Oedipus the KingGreek tragedy by Sophocles, written around 427 BC.
The subject of the play is Oedipus, a mythical character who was exposed on a mountainside as an infant in an effort to avoid a prophecy that he would kill his father, King Laius of Thebes. However, he was spirited away by a passing shepherd and raised in the court of King Polybus of Corinth. Hearing from an oracle that he was destined to kill his father and marry his mother, and believing Polybus and his wife Merope to be his real parents, he left Corinth. Meeting Laius by chance on a road and not recognizing him, he got into an argument with him and killed him. Later he met and married Jocasta, living as King of Thebes; again, neither recognized the other.
The play begins after Thebes has been struck with plague by the gods in outrage at Oedipus' unintentional wrongdoing. The play shows Oedipus' investigation, in which he curses and promises to exile those responsible for the murder. Although the blind prophet Tiresias explicitly tells Oedipus at the beginning of the play that he is the cause of the plague, Oedipus at first does not understand. Instead he accuses Tiresias of conspiring with Creon, Jocasta's brother, to overthrow him.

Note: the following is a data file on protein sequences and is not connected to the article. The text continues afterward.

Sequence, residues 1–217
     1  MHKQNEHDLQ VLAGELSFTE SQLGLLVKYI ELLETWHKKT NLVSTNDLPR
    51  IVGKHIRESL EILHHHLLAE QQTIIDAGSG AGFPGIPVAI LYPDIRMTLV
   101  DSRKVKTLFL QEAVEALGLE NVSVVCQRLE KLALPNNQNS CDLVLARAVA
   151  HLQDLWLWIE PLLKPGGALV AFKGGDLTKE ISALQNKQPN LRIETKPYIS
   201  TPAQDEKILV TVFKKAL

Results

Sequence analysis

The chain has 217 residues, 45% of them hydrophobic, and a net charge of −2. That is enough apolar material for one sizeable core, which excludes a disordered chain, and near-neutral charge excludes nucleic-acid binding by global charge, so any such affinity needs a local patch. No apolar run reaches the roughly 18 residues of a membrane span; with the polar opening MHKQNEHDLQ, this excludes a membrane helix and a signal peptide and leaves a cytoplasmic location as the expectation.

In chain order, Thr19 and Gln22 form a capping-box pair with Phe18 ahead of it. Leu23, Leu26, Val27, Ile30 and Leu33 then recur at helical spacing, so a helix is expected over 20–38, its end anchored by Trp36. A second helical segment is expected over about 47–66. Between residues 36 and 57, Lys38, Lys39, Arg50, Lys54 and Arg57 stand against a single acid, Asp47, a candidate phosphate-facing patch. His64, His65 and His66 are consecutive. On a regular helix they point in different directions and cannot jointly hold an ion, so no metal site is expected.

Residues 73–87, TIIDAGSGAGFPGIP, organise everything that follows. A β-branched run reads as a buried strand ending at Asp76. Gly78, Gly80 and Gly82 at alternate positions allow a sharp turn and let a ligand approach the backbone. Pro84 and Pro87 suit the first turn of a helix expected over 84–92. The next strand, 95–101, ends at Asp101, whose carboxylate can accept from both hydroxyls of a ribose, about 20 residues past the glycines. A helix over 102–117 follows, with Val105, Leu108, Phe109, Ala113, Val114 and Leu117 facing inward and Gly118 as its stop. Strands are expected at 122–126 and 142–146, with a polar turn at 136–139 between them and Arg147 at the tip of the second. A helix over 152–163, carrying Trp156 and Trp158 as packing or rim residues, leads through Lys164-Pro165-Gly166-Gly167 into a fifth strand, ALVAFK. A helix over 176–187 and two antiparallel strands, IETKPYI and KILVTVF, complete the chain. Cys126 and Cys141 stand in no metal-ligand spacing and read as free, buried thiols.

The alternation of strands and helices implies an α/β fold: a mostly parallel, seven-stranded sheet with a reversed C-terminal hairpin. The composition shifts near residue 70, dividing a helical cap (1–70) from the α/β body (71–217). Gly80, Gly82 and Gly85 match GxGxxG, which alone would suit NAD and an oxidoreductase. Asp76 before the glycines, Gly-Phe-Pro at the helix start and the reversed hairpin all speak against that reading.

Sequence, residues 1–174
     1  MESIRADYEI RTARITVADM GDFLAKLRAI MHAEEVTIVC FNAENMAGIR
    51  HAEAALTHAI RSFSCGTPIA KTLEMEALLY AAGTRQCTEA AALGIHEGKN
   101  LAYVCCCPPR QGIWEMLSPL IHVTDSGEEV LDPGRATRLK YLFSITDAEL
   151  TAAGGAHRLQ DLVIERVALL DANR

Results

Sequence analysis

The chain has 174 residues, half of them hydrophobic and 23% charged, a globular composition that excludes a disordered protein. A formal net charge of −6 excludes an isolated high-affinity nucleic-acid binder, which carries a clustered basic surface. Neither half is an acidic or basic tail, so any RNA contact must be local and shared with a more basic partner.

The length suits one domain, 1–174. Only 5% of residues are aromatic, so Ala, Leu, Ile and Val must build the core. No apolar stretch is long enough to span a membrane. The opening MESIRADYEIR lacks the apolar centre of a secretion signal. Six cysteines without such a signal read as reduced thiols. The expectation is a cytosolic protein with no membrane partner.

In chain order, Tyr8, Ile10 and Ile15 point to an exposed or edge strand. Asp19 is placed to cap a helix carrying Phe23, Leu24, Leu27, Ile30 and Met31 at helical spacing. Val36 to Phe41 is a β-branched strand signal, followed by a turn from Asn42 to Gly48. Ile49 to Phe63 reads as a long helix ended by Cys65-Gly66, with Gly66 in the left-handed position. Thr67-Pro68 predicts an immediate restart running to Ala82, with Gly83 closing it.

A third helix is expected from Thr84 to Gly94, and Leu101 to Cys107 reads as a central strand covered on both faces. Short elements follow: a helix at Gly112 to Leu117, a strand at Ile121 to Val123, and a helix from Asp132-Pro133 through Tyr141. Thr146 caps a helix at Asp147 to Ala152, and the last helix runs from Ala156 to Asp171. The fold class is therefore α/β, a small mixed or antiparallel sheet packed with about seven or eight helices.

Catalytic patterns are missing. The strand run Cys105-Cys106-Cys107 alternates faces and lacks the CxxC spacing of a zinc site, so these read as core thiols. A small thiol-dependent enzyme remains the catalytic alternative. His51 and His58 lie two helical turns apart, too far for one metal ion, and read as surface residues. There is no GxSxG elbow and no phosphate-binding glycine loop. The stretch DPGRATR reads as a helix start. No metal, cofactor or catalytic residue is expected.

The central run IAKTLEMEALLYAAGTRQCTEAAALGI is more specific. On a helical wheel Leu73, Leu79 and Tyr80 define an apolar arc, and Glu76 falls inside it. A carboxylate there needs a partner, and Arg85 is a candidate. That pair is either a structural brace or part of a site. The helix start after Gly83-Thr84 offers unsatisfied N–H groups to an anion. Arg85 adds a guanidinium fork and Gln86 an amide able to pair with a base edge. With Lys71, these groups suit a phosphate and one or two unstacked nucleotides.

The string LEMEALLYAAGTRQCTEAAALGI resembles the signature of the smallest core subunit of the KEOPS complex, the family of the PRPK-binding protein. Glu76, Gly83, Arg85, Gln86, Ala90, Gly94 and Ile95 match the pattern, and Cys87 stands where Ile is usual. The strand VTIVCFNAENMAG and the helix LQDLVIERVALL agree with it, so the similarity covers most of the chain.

Oedipus then calls for a former servant of Laius, the only surviving witness of the murder, who fled the city when Oedipus became king. Soon a messenger from Corinth also arrives to inform Oedipus of the death of Polybus, whom Oedipus still believes is his real father, until the messenger informs him that he was in fact adopted. In the subsequent discussions between Oedipus, Jocasta, the servant, and the messenger, Jocasta discovers the truth and runs off; Oedipus learns the truth more slowly, but later runs off-stage as well. The chorus fills in the unseen details: Jocasta hanged herself, and Oedipus, upon discovering her body, blinds himself with her brooches. The play ends with Oedipus entrusting his children to Creon and going into exile, as he promised at the beginning.
The play depends very heavily on dramatic irony. At one point, Oedipus and Jocasta discuss the oracle, dismissing it as its prophecies have apparently not come to pass. The audience was expected to understand Oedipus' history well before he does.